Tuesday, August 02, 2005

Inside Higher Ed asks " Anti-Catholic or Just Art?"

I'm not seeing it. Honestly. Inside Higher Ed covers a controversy here. Sounds more like a tempest in a tea pot:
Two years ago, as part of its eighth annual outdoor sculpture exhibit, Washburn University placed in a prominent spot on its Topeka, Kan., campus a statue of what appeared to be a Roman Catholic cardinal. The artist who created Holier Than Thou, as it was titled, said it portrayed what he remembered seeing when he went into a confessional booth for the first time at the age of seven: a potent and scary figure “who had the power to condemn me for my evil ways.”

What the artist intended as an ironic recollection of childhood memory struck others as egregiously anti-Catholic. They took offense at the holy man’s contorted expression and contended that the miter atop his head resembled a penis. A photograph of the statue quickly made the rounds of conservative Catholic sites on the Internet, and Catholics near and far, including the local archdiocese, asked Washburn officials to take the statue down. The university did not, and in October 2003, one professor and one then-student at Washburn sued the public institution, charging that it had violated the Establishment Clause of the U.S. Constitution by engaging in state-sponsored disapproval of their religious beliefs.
A U.S. Circuit Court of Appeals Panel didn't see it, either:
Thursday, a three-judge panel of the U.S. Court of Appeals for the Tenth Circuit ruled that the university had done no wrong. In its written opinion, the court avoided weighing in on whether the statue’s content presents a state-sponsored anti-Catholic message; what’s important, the appeals panel ruled, is that “any reasonable observer viewing it in context would understand the university had not endorsed that message.”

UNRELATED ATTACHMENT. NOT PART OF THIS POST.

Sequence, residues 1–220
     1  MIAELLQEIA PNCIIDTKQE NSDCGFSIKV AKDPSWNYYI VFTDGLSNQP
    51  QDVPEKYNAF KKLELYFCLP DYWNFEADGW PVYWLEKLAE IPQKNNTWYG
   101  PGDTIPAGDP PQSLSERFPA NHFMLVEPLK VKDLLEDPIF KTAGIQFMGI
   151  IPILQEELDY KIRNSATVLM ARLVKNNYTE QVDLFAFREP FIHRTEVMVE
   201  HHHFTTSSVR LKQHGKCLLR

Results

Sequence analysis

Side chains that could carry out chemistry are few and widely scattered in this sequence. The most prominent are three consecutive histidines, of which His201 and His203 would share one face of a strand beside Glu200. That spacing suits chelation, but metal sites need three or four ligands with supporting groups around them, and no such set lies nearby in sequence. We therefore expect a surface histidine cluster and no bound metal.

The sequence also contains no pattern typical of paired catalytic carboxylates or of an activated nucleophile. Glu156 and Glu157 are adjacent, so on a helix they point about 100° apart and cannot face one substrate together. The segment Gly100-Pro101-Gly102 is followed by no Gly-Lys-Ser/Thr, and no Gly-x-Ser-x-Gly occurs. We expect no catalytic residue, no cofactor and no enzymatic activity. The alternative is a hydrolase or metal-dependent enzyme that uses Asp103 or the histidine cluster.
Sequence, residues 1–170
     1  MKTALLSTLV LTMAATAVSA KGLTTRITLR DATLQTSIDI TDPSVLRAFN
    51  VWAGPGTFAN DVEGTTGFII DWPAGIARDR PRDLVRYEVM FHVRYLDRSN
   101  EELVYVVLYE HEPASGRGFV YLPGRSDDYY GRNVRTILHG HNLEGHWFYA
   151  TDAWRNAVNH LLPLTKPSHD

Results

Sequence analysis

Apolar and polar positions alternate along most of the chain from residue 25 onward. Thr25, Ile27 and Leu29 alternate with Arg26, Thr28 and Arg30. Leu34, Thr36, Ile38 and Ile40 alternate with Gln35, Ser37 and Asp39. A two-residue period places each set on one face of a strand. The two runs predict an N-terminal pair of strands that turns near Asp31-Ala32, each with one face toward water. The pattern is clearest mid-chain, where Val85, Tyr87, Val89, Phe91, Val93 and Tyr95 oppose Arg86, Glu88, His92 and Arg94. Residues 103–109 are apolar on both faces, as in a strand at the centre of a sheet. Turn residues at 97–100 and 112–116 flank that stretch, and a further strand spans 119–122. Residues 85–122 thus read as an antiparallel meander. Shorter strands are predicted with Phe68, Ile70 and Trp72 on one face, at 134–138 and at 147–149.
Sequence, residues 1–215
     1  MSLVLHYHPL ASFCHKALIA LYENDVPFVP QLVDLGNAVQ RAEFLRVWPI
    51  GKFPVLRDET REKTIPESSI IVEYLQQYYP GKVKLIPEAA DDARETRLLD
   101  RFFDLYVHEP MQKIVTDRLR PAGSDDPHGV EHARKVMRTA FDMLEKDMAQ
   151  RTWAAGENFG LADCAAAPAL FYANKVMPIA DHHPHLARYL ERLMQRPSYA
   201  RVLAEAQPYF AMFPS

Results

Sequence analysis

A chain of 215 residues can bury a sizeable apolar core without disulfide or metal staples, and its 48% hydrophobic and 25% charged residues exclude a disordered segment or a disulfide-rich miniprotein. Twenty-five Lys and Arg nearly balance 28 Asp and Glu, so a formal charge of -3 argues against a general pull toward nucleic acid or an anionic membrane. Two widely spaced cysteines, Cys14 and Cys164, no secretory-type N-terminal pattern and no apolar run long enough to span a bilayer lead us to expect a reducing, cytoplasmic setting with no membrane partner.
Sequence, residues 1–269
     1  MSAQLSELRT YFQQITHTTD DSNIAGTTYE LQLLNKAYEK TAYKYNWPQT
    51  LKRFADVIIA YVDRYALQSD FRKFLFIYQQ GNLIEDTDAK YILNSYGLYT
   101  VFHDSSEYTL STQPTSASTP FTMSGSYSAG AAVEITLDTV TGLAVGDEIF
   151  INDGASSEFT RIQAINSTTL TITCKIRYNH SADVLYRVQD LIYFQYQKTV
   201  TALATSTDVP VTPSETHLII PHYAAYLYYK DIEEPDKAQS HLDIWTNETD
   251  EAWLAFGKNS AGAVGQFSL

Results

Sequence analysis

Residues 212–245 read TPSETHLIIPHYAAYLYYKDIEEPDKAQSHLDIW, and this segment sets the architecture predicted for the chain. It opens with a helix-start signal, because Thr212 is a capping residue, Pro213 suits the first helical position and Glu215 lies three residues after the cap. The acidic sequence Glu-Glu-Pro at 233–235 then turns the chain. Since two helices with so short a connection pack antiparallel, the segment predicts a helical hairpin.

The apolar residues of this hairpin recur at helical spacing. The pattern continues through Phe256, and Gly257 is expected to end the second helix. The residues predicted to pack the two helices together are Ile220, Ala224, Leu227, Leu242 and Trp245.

To reach that conclusion, the court analyzed whether, in choosing to display the sculpture and in continuing to display it even after objections were raised, the university sought to “denigrate the Roman Catholic religion.”

The court found that neither the jury that recommended the statue nor Washburn’s Campus Beautification Committee, which ultimately selected the five pieces to be in that year’s exhibit, considered anything but the artistic quality of the work. In deciding to keep displaying the statue after the initial protests, the court concluded, Washburn’s president and its Board of Regents had cited a desire to “promote freedom of speech and to avoid academic censorship.”

It added: “There is no evidence in the record showing that the university’s decision to retain the statue was based on improper motives. Instead, the evidence shows that the university chose to keep the statue for reasons unrelated to a disapproval of Catholicism.”
I understand the local Archdioceses' desire to see the statue nixed. Such a controversial sculpture that could appear, to some Catholics at least, as anti-Catholic would not be something they would refuse to comment upon. However, I'm not seeing it.

This whole thing reminds me of when a group of baptists and other Christians protested the Lion King. When the Lion plopped down on the ground to sleep, a pile of dust floated into the air. The Christians in question claimed that the dust swirled into the word "sex", which they believed was inappropriate in a children's movie. Had it truly been there, they would have been right. However, no one else could discern such imagery in the questioned scene.

I find the same lack of evidence here. I mean, come on! A miter that resembled a penis? I'm just not seeing that.

There are enough examples of anti-Catholic behavior out there. Some of them go unchallenged because some of us waste our time on issues like this. The last thing Catholics need is to be perceived as the latest Chicken Little, running around crying, "the sky is falling!" every time we think we see another anti-Catholic expression somewhere. Let's keep our eye on the ball, instead, and challenge the truly anti-Catholic measures in our midst.